TIME Sri Lanka

Sri Lanka Infuriated By U.S. Suggestions That It’s Tardy On Postwar Reconciliation

Police officers and doctors dig up skeletons at a construction site in the former war zone in Mannar
© Dinuka Liyanawatte / Reuters Police officers and doctors dig up skeletons at a newly discovered mass grave in a former war zone in Sri Lanka. The U.S. criticizes the government for moving too slow on probing alleged war crimes.

Washington says Colombo is moving too slowly in probing alleged war crimes. Colombo reacts predictably

Colombo has accused Washington of “polarizing” the country after a U.S. State Department official said the world was losing patience with Sri Lanka’s failure to achieve adequate reconciliation and accountability since the ending a civil war more than four years ago.

U.S. Assistant Secretary of State for South and Central Asia, Nisha Biswal, said Saturday that the U.S. will sponsor a third resolution at the U.N. Human Rights Council demanding that Sri Lanka address the issue.

Sri Lanka’s External Affairs Ministry immediately condemned what it said were “reckless and irresponsible statements without evidence,” AP reports.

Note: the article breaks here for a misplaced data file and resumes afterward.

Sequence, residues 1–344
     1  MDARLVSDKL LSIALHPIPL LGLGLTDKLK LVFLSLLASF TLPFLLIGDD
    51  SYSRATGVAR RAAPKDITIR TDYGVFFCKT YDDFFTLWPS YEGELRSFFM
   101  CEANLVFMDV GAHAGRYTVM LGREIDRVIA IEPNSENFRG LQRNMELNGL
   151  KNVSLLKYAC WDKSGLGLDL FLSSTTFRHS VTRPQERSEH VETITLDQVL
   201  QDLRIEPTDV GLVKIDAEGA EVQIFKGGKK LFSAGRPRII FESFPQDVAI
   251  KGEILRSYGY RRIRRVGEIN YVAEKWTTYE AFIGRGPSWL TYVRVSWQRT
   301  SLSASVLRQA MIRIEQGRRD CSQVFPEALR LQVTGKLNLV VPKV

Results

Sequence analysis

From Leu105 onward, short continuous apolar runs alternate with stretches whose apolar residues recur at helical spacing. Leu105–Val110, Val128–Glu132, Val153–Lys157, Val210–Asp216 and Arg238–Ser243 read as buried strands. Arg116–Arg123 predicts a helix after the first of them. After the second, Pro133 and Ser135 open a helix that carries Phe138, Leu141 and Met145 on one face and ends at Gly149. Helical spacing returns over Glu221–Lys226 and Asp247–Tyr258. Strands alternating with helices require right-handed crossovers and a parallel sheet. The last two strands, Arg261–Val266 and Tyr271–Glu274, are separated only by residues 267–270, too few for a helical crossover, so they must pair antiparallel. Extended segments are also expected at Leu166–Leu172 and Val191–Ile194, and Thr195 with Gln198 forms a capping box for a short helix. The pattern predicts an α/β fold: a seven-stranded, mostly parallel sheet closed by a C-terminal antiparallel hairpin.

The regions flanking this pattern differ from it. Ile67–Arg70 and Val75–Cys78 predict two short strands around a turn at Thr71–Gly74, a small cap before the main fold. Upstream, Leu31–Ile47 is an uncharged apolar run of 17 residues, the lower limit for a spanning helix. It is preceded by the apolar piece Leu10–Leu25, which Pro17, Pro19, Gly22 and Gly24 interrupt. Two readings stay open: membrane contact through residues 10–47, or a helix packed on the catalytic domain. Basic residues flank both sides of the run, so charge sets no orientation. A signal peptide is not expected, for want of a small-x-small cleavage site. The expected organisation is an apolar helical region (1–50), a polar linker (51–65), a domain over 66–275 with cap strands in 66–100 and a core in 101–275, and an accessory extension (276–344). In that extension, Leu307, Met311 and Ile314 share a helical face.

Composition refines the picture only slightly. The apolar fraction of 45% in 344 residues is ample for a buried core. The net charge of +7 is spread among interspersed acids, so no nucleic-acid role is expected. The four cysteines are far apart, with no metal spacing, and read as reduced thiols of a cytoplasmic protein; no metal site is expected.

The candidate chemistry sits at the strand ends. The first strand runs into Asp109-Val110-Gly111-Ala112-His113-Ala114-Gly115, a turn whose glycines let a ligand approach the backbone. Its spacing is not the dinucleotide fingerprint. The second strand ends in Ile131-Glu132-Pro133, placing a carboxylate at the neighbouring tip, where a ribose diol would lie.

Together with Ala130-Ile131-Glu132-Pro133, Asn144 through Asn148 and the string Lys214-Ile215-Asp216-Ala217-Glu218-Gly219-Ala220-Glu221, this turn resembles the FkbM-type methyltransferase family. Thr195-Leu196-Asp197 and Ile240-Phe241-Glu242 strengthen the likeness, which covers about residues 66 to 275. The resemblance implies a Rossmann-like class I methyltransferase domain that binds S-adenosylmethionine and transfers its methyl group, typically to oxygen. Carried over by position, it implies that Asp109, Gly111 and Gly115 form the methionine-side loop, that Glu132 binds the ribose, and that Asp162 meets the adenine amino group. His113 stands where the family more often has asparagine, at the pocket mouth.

The ministry said the criticisms raised by the U.S. only served “to polarize the communities” that had been affected by the 25 year-long war between the government and Tamil insurgents. The war ended in 2009.

In two previous resolutions at the U.N. human rights body, the U.S. called on Colombo to probe alleged war crimes on both sides. Sri Lankan troops have been accused of targeting civilians and hospitals during the conflict, while the rebels face allegations that they used civilians as human shields, recruited child soldiers and killed civilians trying to flee.

U.N. rights chief Navi Pillay has said that the Human Rights Council should launch its own investigation if the Sri Lankan government does not show sufficient progress on post-war reconciliation before the bi-annual session of the council in March.


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